Blog 5: Marshall

Marshall, Alaska is located in the west region of Alaska at latitude 61.8791 and longitude -162.087 (DCRA). This community is just outside of the Yukon-Delta National Refuge and near the lower end of the Yukon River and the Yukon-Kuskokwim Delta. The physiography of the area is within the Intermontane Basins and Plateaus regions. Temperatures are moderate in this region since Marshall is within the Bering Sea Coast climate region. This area receives about 16 inches a year of precipitation and the average temperature is 51 degrees (Lesson 5 Climate). This land is in an area of discontinuous permafrost and is considered a subarctic tundra. Looking further into the ecoregion, Marshall is located on the edge of the Nulato Hills (figure 6.16, Lesson 6) nested between Pilcher Mountain and Okumaik Mountain. Marshall has Bottomland and Coast Western Hemlock-Sitka Spruce trees (Figure 6.13, Lesson 6). The DCRA considers Marshall a transitional area of tundra and boreal forests. From examining the ecoregion map Marshall is on the border of the Lower-Yukon Delta and Nulato Hills.   The Lower-Yukon Delta has a high amount of glacier sediment brought down through the river (Alaska Fish and Game). The community itself stretches a total of 4.7 square miles (DCRA).

Marshall, Alaska DCRA Community Photo Library

Marshall has a few potential natural disaster risks that could become hazardous within the region. The Yukon River has been the source of many dangerous floods within the state. The community is within the flood zone of the Yukon River and other creeks, the community is subjected to potential flooding caused by ice jams as well. Many of the homes and other community buildings are on stilts to prevent damage if flooding occurs. To the left is an image of the clinic from the DCRA photo library, notice how the foundation is on stilts. Land erosion over time is a potential hazard as well since the community is along the river.

Marshall has several types of spruce trees within the transitional zone, this in particular makes forest fires another potential danger to the community. From the Alaska Wildfire page, many large forest fires have surrounded the community of Marshall in the past. Fortunately, none of the fires recorded by Alaska Wildfires have reached the community itself.   By examining the Alaska Earthquake Center’s map (below), Marshall is not in a large density earthquake area. The town is significantly far away from the subduction zone and interior Alaska where most earthquakes appear. This area has a fairly low natural hazards risk.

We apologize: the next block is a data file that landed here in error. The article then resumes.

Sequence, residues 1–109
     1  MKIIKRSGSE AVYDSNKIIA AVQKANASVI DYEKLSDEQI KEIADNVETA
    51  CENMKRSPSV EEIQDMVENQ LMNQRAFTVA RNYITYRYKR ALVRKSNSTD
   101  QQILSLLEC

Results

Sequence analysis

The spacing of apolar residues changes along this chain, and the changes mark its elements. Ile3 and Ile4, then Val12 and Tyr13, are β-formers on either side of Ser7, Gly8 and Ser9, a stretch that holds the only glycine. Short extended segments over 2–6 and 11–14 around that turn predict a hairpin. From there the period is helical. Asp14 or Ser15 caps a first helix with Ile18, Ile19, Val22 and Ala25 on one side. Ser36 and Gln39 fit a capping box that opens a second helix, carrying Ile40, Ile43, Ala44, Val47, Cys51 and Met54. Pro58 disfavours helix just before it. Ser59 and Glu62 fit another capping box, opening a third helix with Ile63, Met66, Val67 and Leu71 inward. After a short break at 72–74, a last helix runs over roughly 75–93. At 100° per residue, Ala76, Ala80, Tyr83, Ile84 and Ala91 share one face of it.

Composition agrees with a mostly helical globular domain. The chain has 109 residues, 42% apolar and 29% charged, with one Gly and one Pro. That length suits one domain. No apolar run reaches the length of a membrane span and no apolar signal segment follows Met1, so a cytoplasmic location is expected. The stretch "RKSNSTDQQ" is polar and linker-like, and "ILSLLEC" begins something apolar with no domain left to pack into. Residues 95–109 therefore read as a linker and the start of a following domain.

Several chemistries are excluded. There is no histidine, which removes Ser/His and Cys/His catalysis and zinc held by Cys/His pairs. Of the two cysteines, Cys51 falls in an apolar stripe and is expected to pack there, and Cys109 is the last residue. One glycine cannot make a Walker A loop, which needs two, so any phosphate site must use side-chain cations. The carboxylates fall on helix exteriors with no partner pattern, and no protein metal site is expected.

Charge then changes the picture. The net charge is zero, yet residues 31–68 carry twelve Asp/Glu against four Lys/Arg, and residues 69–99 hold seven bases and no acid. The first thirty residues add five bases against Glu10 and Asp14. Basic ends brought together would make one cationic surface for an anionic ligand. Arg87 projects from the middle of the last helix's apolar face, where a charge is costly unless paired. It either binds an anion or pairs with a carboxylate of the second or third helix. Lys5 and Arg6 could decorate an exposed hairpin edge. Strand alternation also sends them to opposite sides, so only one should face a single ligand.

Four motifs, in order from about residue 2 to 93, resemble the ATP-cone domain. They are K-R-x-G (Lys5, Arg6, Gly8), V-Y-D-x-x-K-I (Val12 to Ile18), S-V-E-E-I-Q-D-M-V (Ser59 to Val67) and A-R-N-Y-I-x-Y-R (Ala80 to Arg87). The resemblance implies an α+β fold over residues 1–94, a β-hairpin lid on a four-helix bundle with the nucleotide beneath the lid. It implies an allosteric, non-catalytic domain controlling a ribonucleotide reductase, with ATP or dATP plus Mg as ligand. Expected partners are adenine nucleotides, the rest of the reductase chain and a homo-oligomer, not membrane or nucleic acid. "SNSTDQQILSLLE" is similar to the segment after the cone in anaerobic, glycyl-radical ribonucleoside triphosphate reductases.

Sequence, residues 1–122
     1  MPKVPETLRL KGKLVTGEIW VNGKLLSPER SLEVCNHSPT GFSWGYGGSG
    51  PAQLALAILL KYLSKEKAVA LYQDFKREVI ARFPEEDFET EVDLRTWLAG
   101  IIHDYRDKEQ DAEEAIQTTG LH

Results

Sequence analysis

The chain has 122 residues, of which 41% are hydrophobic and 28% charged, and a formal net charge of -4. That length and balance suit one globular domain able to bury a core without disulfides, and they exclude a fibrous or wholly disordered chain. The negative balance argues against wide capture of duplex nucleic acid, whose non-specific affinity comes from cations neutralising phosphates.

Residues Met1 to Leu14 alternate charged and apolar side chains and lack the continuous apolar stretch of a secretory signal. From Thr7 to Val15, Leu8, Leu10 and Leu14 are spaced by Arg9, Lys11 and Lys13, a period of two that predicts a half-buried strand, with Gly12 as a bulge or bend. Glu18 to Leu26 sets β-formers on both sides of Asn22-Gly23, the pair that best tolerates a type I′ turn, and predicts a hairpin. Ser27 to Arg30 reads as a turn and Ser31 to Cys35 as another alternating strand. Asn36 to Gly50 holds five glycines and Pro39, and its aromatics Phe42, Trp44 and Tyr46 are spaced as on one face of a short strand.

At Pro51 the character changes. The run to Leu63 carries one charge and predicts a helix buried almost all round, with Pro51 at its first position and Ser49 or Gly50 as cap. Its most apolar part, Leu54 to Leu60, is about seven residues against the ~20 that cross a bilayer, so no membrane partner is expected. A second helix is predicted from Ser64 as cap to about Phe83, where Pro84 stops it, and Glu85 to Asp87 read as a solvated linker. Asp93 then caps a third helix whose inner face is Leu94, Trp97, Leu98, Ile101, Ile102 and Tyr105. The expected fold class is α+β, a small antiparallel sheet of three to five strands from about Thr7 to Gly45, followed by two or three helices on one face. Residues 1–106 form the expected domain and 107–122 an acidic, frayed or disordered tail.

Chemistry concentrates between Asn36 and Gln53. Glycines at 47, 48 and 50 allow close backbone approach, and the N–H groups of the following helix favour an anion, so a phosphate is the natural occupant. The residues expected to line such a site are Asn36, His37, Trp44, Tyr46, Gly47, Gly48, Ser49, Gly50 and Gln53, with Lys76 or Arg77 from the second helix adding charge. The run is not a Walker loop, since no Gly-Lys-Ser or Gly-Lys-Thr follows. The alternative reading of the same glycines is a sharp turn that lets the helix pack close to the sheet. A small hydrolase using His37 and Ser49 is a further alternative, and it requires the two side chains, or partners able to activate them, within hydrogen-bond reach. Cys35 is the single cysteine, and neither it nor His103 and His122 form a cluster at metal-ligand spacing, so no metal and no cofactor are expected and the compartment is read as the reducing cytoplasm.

Alaska Earthquake Center

The community of Marshall has had several names, one of them being Fortuna Landing. According to DCRA, the current population of Marshall is 437 and the community is considered an Alaska Native Claims Settlement Act Second Class City. It is within the Alaska Native Calista Corporation region and Kusilvak Census area. Approximately 97% of the community is Alaska Native, and the community is mostly Yup’ik.   The community has a water plant, school, church, post office, clinic, and community hall. From looking at an area map from the community database, it seems that the community has built a new airport away from the river. The original airport was 2061.2 feet, whereas the new airport landing strip is 3903.4 feet in length. Other forms of transportation include boats in the summer, and the barge system. The city has electricity provided by a diesel generator (DCRA).

The first expedition to Marshall was in 1880 with a population of 120 people, and more than 30 years later gold was discovered (DCRA). From, Marshall was the 25th known mining camp during the early 1900’s for both silver and gold. Most of the mining was placer mining from Wilson Creek.

By analyzing the Renewable Energy Atlas of Alaska, Marshall has oil within the area (see image to the right) but there is no documentation found about oil drilling near the community.

Renewable Energy Atlas of Alaska

The community has potential for river power and heat recovery as a renewable energy source (see image below).

Alaska Renewable Energy Atlas

Renewable Energy Atlas of Alaska

River power could be a source of energy in the summer when the river is finally ice-free. Due to the area that it is in, solar power is not an optimal energy source. However, wind is a potential resource, but the area is limited. According to the DCRA, this community relies on subsistence and fishing.   Many types of fish spawn in the Yukon including five types of salmon, Dolly Varden, and Arctic grayling (Alaska Department of Fish and Game).

Marshall has seen booms for fishing and mining, and is in a low hazardous region. Since there is oil near Marshall, there may be potential for oil drilling in the area. However, it may be challenging since the community relies on fishing and is located Native land. Since Marshall was once a goldmine community and it is on the Yukon, it could potentially see a small amount of tourism, if the Yukon becomes a popular tourist route.




Renewable Energy Atlas:


Alaska Earthquake Center




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